Photo courtesy: Big Machine Music
Songwriting Session is a column that goes behind-the-scenes with artists and songwriters. Each Sunday, a new songwriter will share their journey and provide lessons they’ve learned along the way. This week, Laura Veltz shares what she has learned as a songwriter.
For ten years, Laura Veltz was in a band with her family where she made music with her parents, brother and sister while touring the country. Veltz describes herself as the utility player — whatever instrument was needed she’d pick up and play. While she loved making music, she didn’t enjoy being in the spotlight. In fact, she said being the front woman made her feel anxious. It took her years before she was finally able to admit this to herself because she didn’t want to disappoint her family.
She was 21 when she wrote her first song after picking up a guitar. She laughs recalling the experience, saying the song made no sense lyrically and had no Nashville elements to it. Her family happened to be touring through Music City shopping for publishing deals when her dad suggested she play her new song during a meeting with Windswept Pacific Music. A man at the publishing company told Veltz that she was going to be a songwriter and that moment stuck with her throughout the next seven years as she contemplated what a career as a songwriter could be like.
“I just started writing, really out of stress,” she tells me over coffee at hip East Nashville cafe Dose. “I was trying to find something that felt like mine.”
After talking with a family friend, Nashville Songwriters Hall of Famer Kye Fleming, Veltz decided to give Nashville a try. Before quitting the band though, Fleming advised her to visit Nashville first to see if she enjoyed co-writing. Veltz immediately took to Nashville, saying it felt like home. Her first co-write with Skip Black (Craig Morgan, Gary Allan, Tyler Farr) went well and the song they wrote together wound up on his next session. She’d soon find herself writing with Edens Edge, helping to shape their sound, and years later would have cuts with artists like Jana Kramer, Eli Young Band, Chris Young and Maren Morris. It was her early success with Edens Edge that ultimately convinced her to quit the family band at 28 and move to Nashville in 2008.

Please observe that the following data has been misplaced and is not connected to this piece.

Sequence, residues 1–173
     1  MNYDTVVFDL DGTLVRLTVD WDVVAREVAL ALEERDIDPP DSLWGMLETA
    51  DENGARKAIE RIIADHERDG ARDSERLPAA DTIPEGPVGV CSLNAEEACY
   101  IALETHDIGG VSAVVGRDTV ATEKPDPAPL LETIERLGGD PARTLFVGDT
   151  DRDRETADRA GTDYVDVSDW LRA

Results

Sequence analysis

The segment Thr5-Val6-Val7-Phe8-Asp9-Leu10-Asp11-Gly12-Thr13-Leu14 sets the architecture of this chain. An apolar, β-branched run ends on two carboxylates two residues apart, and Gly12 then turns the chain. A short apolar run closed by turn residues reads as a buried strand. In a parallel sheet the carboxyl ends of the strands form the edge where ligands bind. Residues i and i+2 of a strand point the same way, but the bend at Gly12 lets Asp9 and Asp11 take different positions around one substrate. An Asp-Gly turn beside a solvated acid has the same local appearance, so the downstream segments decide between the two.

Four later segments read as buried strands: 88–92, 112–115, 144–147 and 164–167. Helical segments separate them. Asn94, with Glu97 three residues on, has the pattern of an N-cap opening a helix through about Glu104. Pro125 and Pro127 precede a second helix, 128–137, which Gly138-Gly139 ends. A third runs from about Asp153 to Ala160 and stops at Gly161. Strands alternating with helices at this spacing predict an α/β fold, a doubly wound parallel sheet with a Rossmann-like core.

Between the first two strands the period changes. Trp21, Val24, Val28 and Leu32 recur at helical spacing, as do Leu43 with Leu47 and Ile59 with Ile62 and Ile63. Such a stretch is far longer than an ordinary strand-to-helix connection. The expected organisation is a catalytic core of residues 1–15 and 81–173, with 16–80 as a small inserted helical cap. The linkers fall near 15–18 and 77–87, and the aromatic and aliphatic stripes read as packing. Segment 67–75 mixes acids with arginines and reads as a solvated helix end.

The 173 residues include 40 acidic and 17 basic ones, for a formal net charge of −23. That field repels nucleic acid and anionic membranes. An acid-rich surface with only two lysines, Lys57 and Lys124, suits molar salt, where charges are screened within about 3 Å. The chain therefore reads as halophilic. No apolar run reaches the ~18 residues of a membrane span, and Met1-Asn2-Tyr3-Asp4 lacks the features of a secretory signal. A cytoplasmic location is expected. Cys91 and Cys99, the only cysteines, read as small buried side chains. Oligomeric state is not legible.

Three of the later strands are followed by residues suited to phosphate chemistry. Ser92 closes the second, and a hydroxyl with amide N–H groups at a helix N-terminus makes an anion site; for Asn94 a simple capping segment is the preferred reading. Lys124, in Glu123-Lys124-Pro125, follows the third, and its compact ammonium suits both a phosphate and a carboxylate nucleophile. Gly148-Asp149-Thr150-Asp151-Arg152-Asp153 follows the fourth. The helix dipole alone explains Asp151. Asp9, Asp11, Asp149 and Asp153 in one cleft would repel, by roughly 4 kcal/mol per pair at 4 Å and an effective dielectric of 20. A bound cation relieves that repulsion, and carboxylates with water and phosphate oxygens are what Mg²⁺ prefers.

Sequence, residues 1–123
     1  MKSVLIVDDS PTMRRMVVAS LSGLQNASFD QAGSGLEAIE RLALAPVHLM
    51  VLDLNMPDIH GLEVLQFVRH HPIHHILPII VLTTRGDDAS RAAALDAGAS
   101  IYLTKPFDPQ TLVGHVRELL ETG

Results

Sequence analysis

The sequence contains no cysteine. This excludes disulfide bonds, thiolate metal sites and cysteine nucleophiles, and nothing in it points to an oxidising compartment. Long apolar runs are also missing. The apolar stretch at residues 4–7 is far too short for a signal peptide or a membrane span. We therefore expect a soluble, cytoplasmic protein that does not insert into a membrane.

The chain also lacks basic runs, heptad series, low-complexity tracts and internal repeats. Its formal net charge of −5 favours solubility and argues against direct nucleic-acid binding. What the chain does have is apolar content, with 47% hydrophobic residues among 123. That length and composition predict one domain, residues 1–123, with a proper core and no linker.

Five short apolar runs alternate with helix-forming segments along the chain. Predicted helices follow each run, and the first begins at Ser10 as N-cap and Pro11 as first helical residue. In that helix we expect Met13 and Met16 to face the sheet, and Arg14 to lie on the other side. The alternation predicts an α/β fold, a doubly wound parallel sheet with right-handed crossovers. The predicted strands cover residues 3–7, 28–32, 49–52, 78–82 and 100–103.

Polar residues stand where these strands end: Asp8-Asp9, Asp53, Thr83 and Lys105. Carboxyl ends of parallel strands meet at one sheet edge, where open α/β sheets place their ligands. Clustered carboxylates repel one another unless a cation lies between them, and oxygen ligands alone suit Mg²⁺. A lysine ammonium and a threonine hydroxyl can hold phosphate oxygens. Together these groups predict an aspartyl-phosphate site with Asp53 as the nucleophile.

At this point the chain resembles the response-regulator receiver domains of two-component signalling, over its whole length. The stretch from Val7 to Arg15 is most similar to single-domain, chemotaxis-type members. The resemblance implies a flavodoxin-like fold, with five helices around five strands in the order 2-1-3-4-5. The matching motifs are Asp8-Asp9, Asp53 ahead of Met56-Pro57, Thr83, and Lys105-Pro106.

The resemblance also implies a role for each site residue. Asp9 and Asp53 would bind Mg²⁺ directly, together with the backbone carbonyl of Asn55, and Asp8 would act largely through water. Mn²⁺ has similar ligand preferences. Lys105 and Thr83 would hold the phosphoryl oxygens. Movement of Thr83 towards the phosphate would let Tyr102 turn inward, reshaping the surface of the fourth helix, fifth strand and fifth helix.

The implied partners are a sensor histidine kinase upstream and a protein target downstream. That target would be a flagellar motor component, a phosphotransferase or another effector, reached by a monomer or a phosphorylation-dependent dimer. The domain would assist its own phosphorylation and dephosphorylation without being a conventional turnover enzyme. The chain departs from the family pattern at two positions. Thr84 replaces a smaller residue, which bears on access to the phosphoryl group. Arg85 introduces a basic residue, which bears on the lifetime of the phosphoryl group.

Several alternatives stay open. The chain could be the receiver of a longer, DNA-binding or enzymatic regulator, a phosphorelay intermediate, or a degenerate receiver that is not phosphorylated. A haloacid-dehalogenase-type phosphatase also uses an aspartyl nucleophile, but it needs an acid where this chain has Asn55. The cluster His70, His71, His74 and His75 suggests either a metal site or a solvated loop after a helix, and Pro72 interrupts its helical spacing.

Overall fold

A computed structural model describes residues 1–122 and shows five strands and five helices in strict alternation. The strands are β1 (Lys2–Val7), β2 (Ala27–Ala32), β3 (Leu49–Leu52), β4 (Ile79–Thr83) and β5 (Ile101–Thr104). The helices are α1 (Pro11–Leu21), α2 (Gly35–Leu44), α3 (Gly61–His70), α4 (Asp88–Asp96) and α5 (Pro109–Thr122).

Veltz knew success wouldn’t come overnight so she bartended and waited tables, all while writing songs. She slowly paid her dues and by 2011 she was signed to a joint publishing deal with Big Machine Music and Warner Chappell Music. By 2013 she had her first single on the radio with Eli Young Band’s “Drunk Last Night.” The song would soon become her first No. 1. Written with Josh Osborne (Sam Hunt’s “Body Like A Back Road,” Kenny Chesney’s “Setting the World On Fire,” Blake Shelton’s “Sangria”), Veltz vividly recalls writing another song first that day. The song they were working on was inspired by a quote she heard from Garth Brooks at the NSAI Awards earlier that year where he discussed an event in his life and said, “God did what God does.” A cool concept for a song, she and Osborne immediately began writing the blueprint of that sentence and were getting real deep when Veltz paused.
“At some point, I was just like, ‘I’m sorry. I’m really hung over. I got a little drunk last night,’ and he just went straight for it,” she recalls. “He hardly even said, ‘we should write that.’ He just started singing, ‘I got a little drunk last night’ and I think it wrote itself in 45 minutes. It was such a beautiful co-writing experience. It was the first one where I felt like I was in the level of room where there was a seamlessness. Nobody was frustrated.”
For more of my interview with Laura Veltz, visit Sounds Like Nashville.